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The O'Donovan brothers have committed their lives to rowing and it could all pay off in 2016

Could Paul and Gary have their drive rewarded this August?

BEFORE MAY THIS year, few people may have heard of Paul and Gary O’Donovan, but that all changed when they took home gold in the lightweight double sculls at the European Rowing Championships.

But as they head into an Olympic year with a real possibility of a medal, where did their drive for success come from?

As is often the case, rowing turns out to be the family business.

Born in Lisheen near Skibbereen in west Cork, the brothers’ grá for the sport began around 2001 when younger brother Paul was aged seven and Gary was aged nine. Their father Teddy had a keen rower and brought them to Skibbereen Rowing Club.

It helped that their best friends – Shane and Diarmuid O’Driscoll (no relation) — also started at the same time and the quartet rowed together for years.

The brothers found they had a natural talent for the sport and were selected for the Irish junior team at the Home International Regatta in 2008. Paul has made every Irish team since and has rowed at junior, U23 and senior World Championships in the single sculls.

His best moment as an individual came at the 2013 U23 World Championships when he finished stronger than anyone in the men’s lightweight sculls to claim the bronze medal for Ireland.

While most of the pairs they’ll face in Rio have been together since London 2012 or even before, the O’Donovan brothers are relative newcomers, only taking up lightweight double sculls in 2014 when an 11th place finish at that year’s World Championships secured Olympic qualification.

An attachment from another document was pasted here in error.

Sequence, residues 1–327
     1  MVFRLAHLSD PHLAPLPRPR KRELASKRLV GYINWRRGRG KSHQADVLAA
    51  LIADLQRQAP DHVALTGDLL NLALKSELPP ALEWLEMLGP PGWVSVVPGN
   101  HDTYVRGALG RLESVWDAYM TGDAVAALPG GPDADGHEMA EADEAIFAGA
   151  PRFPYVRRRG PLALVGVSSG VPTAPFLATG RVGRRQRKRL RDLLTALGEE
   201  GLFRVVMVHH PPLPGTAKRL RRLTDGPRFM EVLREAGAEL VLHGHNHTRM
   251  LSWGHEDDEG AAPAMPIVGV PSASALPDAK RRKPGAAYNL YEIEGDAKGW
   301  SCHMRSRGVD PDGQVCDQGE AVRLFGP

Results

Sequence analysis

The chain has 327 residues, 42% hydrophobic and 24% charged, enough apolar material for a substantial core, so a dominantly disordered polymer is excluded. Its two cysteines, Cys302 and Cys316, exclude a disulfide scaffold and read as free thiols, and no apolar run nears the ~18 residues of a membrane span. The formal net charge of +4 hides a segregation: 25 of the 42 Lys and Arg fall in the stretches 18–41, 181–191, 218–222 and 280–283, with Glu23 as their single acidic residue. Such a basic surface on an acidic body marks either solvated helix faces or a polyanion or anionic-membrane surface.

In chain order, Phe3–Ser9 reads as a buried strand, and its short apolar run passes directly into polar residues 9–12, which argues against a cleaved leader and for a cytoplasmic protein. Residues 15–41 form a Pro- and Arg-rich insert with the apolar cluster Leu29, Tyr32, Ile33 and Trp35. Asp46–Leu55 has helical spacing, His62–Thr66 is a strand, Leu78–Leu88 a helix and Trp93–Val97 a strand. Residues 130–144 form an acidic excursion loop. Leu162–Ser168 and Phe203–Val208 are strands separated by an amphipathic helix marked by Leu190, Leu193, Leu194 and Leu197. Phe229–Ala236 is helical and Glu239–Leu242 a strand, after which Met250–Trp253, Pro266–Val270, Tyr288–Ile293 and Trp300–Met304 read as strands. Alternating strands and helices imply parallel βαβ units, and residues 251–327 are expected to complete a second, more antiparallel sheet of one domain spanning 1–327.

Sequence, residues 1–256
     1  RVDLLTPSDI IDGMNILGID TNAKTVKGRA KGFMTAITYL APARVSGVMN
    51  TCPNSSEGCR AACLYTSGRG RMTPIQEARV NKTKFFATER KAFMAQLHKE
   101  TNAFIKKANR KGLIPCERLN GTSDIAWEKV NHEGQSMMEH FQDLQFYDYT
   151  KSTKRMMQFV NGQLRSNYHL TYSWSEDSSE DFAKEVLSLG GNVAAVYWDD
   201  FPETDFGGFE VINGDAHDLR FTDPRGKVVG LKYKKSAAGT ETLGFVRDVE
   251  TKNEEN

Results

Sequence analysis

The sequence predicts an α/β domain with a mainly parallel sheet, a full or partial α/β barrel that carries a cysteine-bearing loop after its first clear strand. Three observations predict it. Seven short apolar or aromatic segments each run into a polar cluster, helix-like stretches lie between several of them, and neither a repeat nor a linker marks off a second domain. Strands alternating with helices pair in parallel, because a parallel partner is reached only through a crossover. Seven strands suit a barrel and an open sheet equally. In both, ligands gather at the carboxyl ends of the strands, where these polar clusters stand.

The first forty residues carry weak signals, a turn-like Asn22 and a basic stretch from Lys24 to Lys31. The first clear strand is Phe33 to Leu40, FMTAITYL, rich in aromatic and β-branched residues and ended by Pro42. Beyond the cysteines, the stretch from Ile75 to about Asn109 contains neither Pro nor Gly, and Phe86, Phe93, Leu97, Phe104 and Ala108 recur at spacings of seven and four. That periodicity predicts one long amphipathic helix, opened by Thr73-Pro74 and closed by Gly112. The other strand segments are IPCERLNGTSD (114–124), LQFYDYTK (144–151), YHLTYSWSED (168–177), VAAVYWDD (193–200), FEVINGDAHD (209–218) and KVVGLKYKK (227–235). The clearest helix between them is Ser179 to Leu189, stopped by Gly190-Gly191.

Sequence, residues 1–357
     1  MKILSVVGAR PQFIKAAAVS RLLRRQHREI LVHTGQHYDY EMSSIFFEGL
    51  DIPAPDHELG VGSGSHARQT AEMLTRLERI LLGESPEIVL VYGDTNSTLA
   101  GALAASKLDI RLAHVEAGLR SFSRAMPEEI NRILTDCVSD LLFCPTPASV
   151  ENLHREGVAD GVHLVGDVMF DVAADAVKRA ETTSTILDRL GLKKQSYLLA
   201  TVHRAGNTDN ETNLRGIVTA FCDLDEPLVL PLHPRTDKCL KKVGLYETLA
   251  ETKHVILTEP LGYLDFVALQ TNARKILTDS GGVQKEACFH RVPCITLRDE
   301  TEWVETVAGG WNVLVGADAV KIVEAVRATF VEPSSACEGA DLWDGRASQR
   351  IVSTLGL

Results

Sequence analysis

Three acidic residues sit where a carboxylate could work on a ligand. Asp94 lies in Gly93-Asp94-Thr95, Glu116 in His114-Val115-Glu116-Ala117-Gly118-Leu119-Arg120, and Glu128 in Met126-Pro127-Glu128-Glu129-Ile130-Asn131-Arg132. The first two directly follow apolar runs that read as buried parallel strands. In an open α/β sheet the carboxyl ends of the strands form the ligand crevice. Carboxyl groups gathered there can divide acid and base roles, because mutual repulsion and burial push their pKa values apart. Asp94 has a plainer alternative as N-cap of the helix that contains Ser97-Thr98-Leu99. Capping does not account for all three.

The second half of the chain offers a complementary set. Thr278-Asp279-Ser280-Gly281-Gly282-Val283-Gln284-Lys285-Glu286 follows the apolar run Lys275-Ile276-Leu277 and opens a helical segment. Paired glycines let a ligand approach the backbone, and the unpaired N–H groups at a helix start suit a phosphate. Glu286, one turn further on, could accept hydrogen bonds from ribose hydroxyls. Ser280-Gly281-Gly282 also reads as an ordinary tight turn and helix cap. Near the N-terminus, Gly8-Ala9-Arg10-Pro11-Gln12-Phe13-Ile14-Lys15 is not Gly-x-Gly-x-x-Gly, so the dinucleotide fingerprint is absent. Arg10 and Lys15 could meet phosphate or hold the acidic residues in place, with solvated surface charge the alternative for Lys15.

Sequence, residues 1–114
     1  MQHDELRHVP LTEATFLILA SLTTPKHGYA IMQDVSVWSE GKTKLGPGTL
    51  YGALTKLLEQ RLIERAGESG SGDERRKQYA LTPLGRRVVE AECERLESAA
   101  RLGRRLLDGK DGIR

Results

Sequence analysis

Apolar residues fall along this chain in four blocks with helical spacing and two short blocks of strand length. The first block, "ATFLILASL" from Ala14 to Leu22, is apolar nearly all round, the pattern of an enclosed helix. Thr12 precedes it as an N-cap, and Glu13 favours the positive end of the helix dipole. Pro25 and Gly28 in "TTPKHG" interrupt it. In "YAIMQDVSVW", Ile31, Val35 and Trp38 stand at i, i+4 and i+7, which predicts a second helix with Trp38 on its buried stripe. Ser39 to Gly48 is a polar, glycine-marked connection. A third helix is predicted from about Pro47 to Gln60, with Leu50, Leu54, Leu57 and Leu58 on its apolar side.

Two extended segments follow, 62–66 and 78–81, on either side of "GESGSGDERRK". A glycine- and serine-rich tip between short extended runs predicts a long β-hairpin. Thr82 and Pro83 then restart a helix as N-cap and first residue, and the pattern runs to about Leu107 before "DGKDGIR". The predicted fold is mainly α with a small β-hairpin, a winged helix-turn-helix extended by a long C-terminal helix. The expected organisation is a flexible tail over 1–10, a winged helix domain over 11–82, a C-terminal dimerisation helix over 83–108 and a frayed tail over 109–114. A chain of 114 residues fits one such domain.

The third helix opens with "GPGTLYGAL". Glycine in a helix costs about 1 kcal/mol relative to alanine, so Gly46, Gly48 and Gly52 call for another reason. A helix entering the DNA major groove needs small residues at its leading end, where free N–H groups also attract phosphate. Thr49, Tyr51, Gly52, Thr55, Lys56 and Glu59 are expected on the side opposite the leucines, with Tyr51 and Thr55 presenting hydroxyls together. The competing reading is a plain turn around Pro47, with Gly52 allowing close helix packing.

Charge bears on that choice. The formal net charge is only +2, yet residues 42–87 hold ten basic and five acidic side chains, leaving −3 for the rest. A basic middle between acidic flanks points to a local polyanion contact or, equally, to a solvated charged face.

Despite studying in UCD to become a physiotherapist, Paul still spends most of his time in Cork where he trains under Dominic Casey, the head coach of Skibbereen Rowing Club.

To commit as much time as possible to rowing, Paul has split his third year in UCD into two years and now lives with Gary in their grandmother’s house in Ballincollig so they can also remain close to Ireland’s National Rowing Centre in Farran Woods.

They don’t do all their rowing in Cork, however, and Seville provides a home from home for winter training, though it doesn’t always mean ‘warm weather’.

Source: Nissan Ireland/YouTube

On top of the European gold, the O’Donovan brothers also have three top-five places in World Cup events in the past year, putting them very much in the conversation when it comes to an Olympic final in Rio.

To maximise their chances, a day in the life of the pair usually starts with them on the water at 8am for two hours of pure rowing at a controlled pace. Depending on the day in question, this is followed by either a nap or study.

The afternoon brings another two hours of interval training on the water at either high-intensity or race pace and then an hour in the gym while Paul can be found most nights watching YouTube videos of races to find an edge on their opponents.

But all that hard work is paying off.

In the space of 12 months the O’Donovan brothers have gone from fighting for places in a final to fighting for a spot on the podium.

Given their success over such a relatively short period of time, few would bet against them challenging for a medal in Brazil.

Paul O’Donovan is a Nissan ambassador and now four rising stars of Irish sport have been named among the 20 finalists who are currently competing in a public vote to secure one of ten coveted places on the Nissan Generation Next ambassador programme.

Each ambassador will receive a brand new, taxed and insured Nissan to drive for a year as Ireland’s new generation of leaders and champions.

To learn more about the Nissan Generation Next ambassador programme and the sports finalists — Sophie Spence (Rugby), Shane Carthy (GAA), Cathal Daniels (Horse Riding) and Gearoid McDaid (Surfing) — and to vote, click below before 28 June.

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